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Eastman v. Colvin

United States District Court, D. Oregon, Portland Division

December 19, 2014

ROGER C. EASTMAN, Plaintiff,
CAROLYN W. COLVIN, Acting Commissioner of Social Security, Defendant.


JAMES A. REDDEN, District Judge.

Plaintiff Roger Eastman brings this action to obtain judicial review of a final decision of the Commissioner of the Social Security Administration ("Commissioner") denying his claims for Disability Insurance Benefits and Social Security Income benefits under Titles II and XVI of the Social Security Act. For the reasons set forth below, the decision of the Commissioner is reversed and this matter is remanded for the calculation and payment of benefits.


Eastman filed his applications in March 2008, alleging disability since January 31, 2007, due to "diabetes, mental." Tr. 251. Born in 1956, Eastman was 51 years old on his alleged onset date. His application was denied initially and upon reconsideration. After a hearing, the Administrative Law Judge ("ALJ") found him not disabled. This court remanded the matter to the Commissioner on September 13, 2012. Tr. 709-52. A second hearing occurred on April 17, 2013. Tr. 575-613. In a partially favorable decision the ALJ found Plaintiff disabled beginning March 2, 2011, Plaintiff's 55th birthday, but not disabled before that date. Tr. 550-74. Eastman's request for review was denied, making the ALJ's decision the final decision of the Commissioner.


The ALJ found Eastman had the medically determinable severe impairments of diabetes mellitus, degenerative disc disease, degenerative joint disease of the hip, learning disorder, mood disorder, cognitive disorder, and impulse control disorder. Tr. 558. The ALJ determined Plaintiff met the insured status requirements of the Social Security Act through December 31, 2009. Tr. 557.

The ALJ found that Eastman's impairments did not meet or medically equal one of the listed impairments in 20 C.F.R. Part 404, Subpart P, App. 1. Tr. 558.

The ALJ determined that Eastman retained the residual functional capacity ("RFC") to perform a limited range of light work and is able to frequently climb ramps and stairs and kneel; can do no climbing of ladders, ropes or scaffolds; can occasionally stoop, crouch, crawl; should avoid concentrated exposure to vibrations, hazards; is limited to simple, routine, repetitive tasks consistent with unskilled work; should have no public contact; is limited to occasional superficial contact with coworkers regarding trivial matters; is limited to low stress work, which is defined as work requiring few decisions and few changes; should have no writing or math as part of job duties; job duties should be capable of one-on-one, in person demonstration rather than written instruction. Tr. 559.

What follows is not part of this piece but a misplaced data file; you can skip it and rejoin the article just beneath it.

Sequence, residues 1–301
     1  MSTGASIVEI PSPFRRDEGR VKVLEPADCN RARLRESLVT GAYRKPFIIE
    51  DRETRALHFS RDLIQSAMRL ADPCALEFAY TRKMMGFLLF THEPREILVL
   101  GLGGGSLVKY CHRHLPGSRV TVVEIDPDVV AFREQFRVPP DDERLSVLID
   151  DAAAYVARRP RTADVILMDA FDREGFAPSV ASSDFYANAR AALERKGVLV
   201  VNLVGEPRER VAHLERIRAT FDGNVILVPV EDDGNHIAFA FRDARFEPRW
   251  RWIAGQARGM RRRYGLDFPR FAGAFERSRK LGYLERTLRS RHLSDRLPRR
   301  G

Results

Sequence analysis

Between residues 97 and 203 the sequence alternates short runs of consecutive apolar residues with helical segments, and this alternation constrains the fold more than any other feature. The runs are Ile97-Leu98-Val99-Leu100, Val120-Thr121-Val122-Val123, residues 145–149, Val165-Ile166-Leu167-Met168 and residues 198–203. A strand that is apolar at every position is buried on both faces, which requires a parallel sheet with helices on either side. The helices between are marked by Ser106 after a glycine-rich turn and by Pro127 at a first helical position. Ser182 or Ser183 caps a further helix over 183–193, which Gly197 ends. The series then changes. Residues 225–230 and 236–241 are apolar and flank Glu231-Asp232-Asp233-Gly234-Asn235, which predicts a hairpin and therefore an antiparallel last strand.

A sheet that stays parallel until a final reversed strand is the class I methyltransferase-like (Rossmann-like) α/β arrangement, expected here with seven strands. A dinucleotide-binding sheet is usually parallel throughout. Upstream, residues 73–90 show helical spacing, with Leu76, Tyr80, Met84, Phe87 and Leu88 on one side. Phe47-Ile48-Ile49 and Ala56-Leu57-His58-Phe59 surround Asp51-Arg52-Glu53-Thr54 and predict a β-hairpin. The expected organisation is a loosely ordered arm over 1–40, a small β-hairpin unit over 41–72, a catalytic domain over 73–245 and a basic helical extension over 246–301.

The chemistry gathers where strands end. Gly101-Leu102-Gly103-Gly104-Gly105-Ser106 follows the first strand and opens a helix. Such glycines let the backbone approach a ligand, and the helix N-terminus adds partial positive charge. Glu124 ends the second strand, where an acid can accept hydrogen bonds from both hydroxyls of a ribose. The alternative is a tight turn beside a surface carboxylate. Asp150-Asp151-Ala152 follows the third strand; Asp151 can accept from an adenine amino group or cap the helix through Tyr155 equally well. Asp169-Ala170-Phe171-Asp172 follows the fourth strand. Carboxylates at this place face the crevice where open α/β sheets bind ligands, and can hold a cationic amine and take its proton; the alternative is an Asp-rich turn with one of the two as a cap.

At step five, the ALJ found Eastman was unable to perform his past relevant work as a tire changer, dredge operator, core maker, crane operator, and crane chaser, but was capable of performing other work that exists in significant numbers in the national economy, including light janitorial worker and assembler. Tr. 17.

Eastman argues that the ALJ erred by failing to properly consider the opinion of examining psychologist Jack Litman, Ph.D.


Disability opinions are reserved for the Commissioner. 20 C.F.R. §§ 404.1527(e)(1); 416.927(e)(1). If no conflict arises between medical source opinions, the ALJ generally must accord greater weight to the opinion of a treating physician than that of an examining physician. Lester v. Chafer, 81 F.3d 821, 830 (9th Cir. 1995). In such circumstances the ALJ should also give greater weight to the opinion of an examining physician over that of a reviewing physician. Id But, if two medical source opinions conflict, an ALJ need only give "specific and legitimate reasons" for discrediting one opinion in favor of another. Id. at 830. The ALJ may reject physician opinions that are "brief, conclusory, and inadequately supported by clinical findings." Bayliss v. Barnhart, 427 F.3d 1211, 1216 (9th Cir. 2005). "[T]he opinions of a specialist about medical issues related to his or her area of specialization are given more weight than the opinions of a nonspecialist." Smolen v. Chafer, 80 F.3d 1273, 1285 (9ith Cir. 1996)( citing 20 C.F.R. § 404.1527(d)(5)).

I. Medical Evidence

Jack Litman, Ph.D., examined Plaintiff in April 2010. Tr. ...

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